Q. I became disabled in 1995 and have not contributed to my 403(b) retirement plan since then. Further contributions aren't allowed because I have no earned income. Recently I found out that because I'm younger than age 59, the monthly stipend I get from my state retirement fund is considered earned income by the IRS. Can I renew my contributions to an IRA or 403(b) based on this stipend? - J.M., Mystic, Conn.
A. "Unfortunately, you can't, if your only income is the stipend from the state retirement fund," says Gary Schatsky, an attorney and financial planner in New York.
You can't contribute to a 401(k) or 403(b) unless you are currently employed. In order to contribute to an IRA, you must have wages, a salary, or self-employment earnings. According to federal law, says Mr. Schatsky, an IRA cannot be funded with monies from pensions or annuities.
Q. I am a retiree with an IRA that contains two growth funds from IDS. While the funds have performed welI, I am considering rolling them into something more secure, especially since I must start withdrawing from them in about three years. Suggestions? - R.D., Castleton, Vt.
A. "You may want to shift some of your IRA assets to slightly more conservative holdings to avoid market turbulence, but don't do it just because you are close to having to take a distribution," says Tim Shmidl, a financial planner with Prizm Financial Group in Overland Park, Kan.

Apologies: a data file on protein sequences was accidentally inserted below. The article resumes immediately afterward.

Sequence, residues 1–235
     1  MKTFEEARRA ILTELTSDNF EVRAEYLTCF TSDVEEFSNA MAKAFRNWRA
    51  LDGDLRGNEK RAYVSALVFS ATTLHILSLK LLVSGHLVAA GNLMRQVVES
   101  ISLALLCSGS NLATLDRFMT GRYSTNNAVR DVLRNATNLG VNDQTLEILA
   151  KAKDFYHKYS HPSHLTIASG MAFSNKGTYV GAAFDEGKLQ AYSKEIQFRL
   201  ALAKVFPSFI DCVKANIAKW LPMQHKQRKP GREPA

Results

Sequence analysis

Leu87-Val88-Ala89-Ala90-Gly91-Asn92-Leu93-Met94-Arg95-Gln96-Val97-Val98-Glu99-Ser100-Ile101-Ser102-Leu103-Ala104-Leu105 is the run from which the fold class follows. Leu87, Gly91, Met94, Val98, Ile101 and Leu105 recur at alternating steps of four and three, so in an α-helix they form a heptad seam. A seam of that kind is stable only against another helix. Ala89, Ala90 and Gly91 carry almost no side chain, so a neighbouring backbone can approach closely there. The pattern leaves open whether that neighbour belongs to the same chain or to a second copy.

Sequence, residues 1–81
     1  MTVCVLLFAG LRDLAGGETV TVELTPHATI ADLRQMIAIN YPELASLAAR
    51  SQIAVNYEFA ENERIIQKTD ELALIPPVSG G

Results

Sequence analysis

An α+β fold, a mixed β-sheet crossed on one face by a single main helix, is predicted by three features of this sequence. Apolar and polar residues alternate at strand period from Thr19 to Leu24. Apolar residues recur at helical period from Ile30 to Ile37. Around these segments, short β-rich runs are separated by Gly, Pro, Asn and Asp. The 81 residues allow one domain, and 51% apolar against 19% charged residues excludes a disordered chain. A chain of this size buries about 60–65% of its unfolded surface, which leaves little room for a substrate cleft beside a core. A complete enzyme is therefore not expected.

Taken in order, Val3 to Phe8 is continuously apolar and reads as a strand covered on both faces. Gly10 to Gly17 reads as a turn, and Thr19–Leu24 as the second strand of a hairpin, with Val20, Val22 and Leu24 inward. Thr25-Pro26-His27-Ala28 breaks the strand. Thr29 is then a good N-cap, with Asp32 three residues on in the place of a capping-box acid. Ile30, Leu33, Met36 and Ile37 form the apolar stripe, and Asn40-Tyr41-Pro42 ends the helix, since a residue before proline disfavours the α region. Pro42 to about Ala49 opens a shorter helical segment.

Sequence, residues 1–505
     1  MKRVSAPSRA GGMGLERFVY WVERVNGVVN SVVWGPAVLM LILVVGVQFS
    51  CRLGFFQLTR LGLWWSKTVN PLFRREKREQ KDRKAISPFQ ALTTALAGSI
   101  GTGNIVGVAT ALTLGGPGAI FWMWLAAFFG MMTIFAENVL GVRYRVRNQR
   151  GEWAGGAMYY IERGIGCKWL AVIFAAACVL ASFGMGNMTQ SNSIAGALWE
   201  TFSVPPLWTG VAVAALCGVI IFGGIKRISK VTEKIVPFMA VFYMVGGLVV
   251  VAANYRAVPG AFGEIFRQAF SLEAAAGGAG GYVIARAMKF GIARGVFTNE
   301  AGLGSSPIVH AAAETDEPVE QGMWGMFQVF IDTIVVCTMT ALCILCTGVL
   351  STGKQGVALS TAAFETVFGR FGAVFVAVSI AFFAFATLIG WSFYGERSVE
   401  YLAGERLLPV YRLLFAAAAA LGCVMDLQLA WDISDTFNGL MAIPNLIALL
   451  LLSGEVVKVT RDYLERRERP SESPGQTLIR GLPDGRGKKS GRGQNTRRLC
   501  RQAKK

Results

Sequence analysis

You could, for example, shift some assets to a balanced fund, which carry a balance of stocks and bonds, or to a money-market fund. IDS carries both types of accounts. You can call them to make the transfer.
If you roll your assets over to a different fund family, be sure to ask the new IRA provider to make the transfer to avoid a huge tax penalty. Shmidl recommends you avoid a bank CD IRA, because you could be locked into a low, fixed interest rate.
Q. Where can I find rates on bank CDs? Should one invest just in local banks? - L.N., New York
A. Check out Bank Rate Monitor at www.bankrate.com, or call BanxQuote Online at 800-666-2000.
Marshall Loeb, in his book "Lifetime Financial Strategies," argues that the rate, not the state, is the key. Just be certain the bank is federally insured.
Questions about finances? Write: Guy Halverson The Christian Science Monitor 500 Fifth Ave., Suite 1845 New York, NY 10110 E-mail: email@example.com